UN food summit falls short on ways to combat hunger

6th June 2008, Comments 0 comments

Delegates from around the world fail to agree on a set of concrete proposals to battle world hunger in a food summit in Rome.

6 June 2008

ROME - Delegates representing some 181 nations at a food summit in Rome on Thursday issued a declaration on fighting world hunger, which has been exacerbated by the highest food prices in 30 years, but failed to agree on a set of concrete proposals.

The declaration reaffirmed a 1996 pledge by world leaders to halve the number of hungry people by 2015. Current estimates put the number of hungry at more than 862 million.

However, with participants divided over the causes of the soaring food costs and what role biofuels play in food prices, the declaration stopped short of setting firm, long-term measures to deal with the crisis.

Wrangling over the document - in particular objections over its wording by Argentina, Venezuela and Cuba - delayed its adoption until late in the evening, many hours later than expected.

Disagreements also remained over trade barriers, such as import tariffs and other taxes, and food export restrictions, with some countries opposing the easing or lifting of such measures.

Instead, the declaration committed its signatories to two, immediate and short-term lines of action: to respond urgently to requests for assistance from hunger-threatened countries and to lend immediate support for agricultural production and trade.

The summit host, the UN Food and Agriculture Organisation (FAO) had listed 22 countries that are particularly vulnerable due to a combination of high levels of chronic hunger - defined as more than 30 per cent undernourishment - and being net importers of both food and fuel.

Countries such as Eritrea, Niger, Comoros, Haiti and Liberia are particularly affected.

To help such food-importing, low-income countries cope with the high food prices, the declaration specified donors and international financial institutions should "provide in a timely manner, balance of payment support."

Seeds, fertilizers, animal feed and technical assistance should also be made available to farmers in poor countries, it said.

The declaration, stated that such products should be "locally adapted," but it made no reference to the controversial use of genetically modified products.

The United States, the leading proponent and producer of genetically modified (GM) foods is at odds with others such as the European Union which opposes or restricts their use.

Supporters of GM seeds and other products say they make plants resistant to diseases and pests, while opponents say the high costs of the technology make farmers, especially those in poor countries, dependent on a few large GM product manufacturing corporations.

This "unprecedented response" indicates a "realisation that hunger is on the march and this is unacceptable," Josette Sheeran, head of the UN World Food Programme (WFP) said.

"A child dies of hunger every six seconds," Sheeran said, explaining that people in developing nations have been hit hardest by the hike in food prices, which have recorded a 10-per-cent increase each month since June 2007.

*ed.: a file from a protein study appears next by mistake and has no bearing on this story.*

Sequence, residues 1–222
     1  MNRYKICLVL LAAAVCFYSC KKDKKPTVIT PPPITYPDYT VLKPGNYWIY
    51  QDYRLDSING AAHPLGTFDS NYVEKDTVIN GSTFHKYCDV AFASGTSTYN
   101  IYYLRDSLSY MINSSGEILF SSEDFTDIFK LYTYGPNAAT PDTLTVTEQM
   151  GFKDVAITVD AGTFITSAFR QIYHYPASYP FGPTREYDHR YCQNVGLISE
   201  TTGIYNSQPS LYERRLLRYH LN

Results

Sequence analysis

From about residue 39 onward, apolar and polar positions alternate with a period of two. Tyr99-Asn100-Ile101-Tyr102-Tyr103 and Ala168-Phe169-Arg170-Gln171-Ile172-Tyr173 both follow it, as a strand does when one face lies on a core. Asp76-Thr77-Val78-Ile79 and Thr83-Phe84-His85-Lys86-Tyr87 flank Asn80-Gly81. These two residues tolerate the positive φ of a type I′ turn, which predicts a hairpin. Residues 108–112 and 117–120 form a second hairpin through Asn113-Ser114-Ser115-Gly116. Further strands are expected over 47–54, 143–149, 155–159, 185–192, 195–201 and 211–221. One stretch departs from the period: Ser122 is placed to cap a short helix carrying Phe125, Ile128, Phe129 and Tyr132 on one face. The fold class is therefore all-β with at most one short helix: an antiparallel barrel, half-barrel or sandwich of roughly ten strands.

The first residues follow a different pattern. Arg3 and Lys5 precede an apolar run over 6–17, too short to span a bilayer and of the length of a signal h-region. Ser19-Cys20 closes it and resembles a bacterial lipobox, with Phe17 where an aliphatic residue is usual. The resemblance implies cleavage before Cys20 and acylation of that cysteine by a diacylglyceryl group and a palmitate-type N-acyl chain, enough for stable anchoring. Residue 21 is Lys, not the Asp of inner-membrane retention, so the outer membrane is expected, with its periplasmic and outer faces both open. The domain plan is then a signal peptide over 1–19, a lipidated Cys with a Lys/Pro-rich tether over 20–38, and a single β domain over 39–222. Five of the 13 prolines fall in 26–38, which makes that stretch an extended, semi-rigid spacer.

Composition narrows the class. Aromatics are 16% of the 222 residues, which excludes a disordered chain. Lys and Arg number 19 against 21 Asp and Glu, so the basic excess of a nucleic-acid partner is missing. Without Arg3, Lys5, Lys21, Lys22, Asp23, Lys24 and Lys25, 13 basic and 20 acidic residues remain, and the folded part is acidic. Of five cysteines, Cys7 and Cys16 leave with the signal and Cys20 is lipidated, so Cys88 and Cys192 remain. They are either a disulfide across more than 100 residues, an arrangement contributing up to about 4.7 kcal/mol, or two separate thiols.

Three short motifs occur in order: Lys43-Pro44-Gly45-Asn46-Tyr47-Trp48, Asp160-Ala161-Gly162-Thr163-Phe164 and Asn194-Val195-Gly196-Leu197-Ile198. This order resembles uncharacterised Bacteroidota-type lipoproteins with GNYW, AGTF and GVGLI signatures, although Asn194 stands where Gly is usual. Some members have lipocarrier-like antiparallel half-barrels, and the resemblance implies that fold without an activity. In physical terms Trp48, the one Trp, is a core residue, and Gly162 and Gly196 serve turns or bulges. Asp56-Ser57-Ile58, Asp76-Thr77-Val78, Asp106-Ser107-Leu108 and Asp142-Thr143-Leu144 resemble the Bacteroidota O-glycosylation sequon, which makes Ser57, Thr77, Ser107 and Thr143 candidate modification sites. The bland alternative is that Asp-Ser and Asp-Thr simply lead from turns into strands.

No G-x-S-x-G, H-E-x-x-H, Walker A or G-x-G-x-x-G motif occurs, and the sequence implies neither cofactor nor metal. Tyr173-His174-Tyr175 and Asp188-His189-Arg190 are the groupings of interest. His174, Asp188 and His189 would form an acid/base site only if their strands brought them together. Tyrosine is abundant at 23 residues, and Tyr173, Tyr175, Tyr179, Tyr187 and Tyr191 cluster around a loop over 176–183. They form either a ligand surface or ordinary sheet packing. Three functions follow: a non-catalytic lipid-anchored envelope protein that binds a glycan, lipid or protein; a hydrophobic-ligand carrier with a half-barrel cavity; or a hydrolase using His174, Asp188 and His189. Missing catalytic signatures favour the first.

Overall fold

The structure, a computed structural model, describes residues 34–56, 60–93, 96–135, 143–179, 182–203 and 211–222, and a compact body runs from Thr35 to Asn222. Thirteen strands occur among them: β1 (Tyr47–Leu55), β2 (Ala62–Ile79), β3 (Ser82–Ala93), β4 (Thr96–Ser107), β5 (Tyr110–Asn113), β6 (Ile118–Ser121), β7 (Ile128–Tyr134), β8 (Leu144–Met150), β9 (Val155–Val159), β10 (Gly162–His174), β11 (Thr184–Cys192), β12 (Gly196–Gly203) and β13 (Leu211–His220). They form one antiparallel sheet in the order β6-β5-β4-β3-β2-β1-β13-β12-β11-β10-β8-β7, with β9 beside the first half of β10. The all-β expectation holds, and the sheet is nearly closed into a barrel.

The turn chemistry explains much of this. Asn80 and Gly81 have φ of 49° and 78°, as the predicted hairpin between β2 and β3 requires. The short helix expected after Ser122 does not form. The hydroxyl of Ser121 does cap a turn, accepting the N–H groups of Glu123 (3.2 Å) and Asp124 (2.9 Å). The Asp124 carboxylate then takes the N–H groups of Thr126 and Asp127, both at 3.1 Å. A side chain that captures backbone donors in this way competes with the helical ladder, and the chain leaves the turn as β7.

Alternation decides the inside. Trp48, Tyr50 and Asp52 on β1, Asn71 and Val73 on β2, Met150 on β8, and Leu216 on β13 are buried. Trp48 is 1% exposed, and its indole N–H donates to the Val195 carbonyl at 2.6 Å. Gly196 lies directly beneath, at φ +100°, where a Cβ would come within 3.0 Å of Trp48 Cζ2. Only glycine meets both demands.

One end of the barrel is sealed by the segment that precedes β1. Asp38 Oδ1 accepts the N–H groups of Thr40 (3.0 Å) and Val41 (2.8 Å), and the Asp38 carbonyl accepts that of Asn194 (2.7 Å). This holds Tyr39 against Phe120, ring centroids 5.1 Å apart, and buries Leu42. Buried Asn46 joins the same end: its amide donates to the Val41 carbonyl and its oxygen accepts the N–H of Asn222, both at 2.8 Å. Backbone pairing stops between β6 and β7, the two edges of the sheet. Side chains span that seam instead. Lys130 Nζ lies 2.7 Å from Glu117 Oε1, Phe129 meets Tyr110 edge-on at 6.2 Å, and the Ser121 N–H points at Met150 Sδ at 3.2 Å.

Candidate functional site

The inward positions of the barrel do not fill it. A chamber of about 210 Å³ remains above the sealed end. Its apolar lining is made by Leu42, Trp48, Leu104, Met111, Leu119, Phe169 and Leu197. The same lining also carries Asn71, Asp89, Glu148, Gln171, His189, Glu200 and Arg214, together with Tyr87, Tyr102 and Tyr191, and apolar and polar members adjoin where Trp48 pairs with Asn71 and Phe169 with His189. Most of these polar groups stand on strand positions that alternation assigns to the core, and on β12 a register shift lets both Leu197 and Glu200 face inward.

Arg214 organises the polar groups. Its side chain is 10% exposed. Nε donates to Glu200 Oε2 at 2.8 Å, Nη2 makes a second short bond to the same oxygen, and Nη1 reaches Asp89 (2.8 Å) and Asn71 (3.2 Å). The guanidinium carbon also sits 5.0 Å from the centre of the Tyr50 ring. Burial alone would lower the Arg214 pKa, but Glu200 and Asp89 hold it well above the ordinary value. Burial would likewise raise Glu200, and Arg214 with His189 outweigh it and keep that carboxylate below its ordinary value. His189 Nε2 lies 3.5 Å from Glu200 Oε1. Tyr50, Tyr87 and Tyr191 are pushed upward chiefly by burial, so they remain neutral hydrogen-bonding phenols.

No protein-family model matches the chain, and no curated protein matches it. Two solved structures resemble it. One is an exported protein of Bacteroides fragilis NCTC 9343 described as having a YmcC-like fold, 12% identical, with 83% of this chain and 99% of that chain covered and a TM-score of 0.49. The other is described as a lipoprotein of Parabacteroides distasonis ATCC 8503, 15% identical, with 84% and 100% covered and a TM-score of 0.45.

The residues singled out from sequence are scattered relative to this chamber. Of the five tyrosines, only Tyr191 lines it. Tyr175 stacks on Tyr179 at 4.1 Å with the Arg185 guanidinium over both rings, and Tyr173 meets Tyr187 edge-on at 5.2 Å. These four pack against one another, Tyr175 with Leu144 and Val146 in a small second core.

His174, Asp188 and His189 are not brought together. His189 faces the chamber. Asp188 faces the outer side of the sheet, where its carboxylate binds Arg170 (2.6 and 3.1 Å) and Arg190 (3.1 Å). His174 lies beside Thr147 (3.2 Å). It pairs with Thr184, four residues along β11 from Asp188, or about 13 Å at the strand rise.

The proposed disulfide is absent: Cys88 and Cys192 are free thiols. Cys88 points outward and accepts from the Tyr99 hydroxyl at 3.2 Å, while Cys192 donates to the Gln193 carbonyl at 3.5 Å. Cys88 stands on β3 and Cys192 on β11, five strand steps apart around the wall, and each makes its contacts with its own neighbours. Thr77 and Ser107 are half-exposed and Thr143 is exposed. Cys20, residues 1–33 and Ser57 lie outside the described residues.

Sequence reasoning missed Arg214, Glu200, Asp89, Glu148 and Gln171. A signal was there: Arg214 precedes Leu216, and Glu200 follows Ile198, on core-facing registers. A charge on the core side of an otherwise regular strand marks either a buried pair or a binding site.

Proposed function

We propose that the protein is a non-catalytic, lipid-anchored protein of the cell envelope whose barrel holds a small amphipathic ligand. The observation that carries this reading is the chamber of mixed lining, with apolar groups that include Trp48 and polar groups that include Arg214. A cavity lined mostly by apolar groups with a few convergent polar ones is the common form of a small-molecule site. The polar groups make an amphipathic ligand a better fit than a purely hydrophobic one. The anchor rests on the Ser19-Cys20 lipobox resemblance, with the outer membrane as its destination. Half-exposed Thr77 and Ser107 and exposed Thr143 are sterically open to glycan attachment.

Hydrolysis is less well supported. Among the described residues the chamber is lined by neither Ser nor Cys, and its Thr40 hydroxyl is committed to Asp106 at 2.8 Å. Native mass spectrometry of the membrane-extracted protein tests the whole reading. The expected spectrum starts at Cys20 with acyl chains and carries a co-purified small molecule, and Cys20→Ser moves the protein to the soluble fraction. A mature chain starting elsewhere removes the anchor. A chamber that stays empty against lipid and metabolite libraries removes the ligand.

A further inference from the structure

Sheeran said once petroleum prices rise above the 80-dollar-a- barrel mark, it becomes cost-effective for people to revert to biofuels, which produce ethanol from foodstuffs.

In Ghana, for example, the food crop cassava is being increasingly used for biofuel to counter the surges in diesel and fertilizer prices, Sheeran said.

Still, the issue of biofuels and the role they play in pushing up prices and diminishing food supplies remained unresolved, with top producers Brazil and the United States staunchly defending their production of ethanol as an alternative fuel.

In its reference to biofuels the declaration appeared to adopt a neutral stance, saying that that "in-depth studies are necessary to ensure that production and use of biofuels is sustainable" and the "desirability of exchanging experiences on biofuels technologies norms and regulations."

Another contentious issue, the role of tariffs and other trade barriers - which are seen to spur price increases while also limiting availability of food on the world markets - remained, with signatories to the declaration not called to make specific commitments.

Poorer nations say that if they are expected to open up their markets, then protectionist measures on agricultural products should be lifted in developed parts of the world such as  the European Union and United States.

The summit declaration speaks of the need to ensure that "overall trade policies are conducive to fostering food security for all," and to "minimise the use of restrictive measures that could increase volatility of market prices."

Argentina, which imposes taxes on beef exports to keep domestic prices low, strongly objected to the text's use of "restrictive," but despite having the support of Venezuela and several other Latin American nations, failed in having the word dropped from the declaration.

The summit was more successful in winning donor emergency aid to counter the food crisis, with several billions of dollars pledged.

Major donors included France with USD 1.5 billion, the Saudi Arabia-based Islamic Development Bank, with USD 1.5 billion, the African Development Bank with USD 1 billion, and the World Bank with USD 1.2 billion.

Other pledges included USD 773 million by Spain over four years, USD 100 million by Kuwait and USD 100 million from Venezuela.

[dpa / Expatica]

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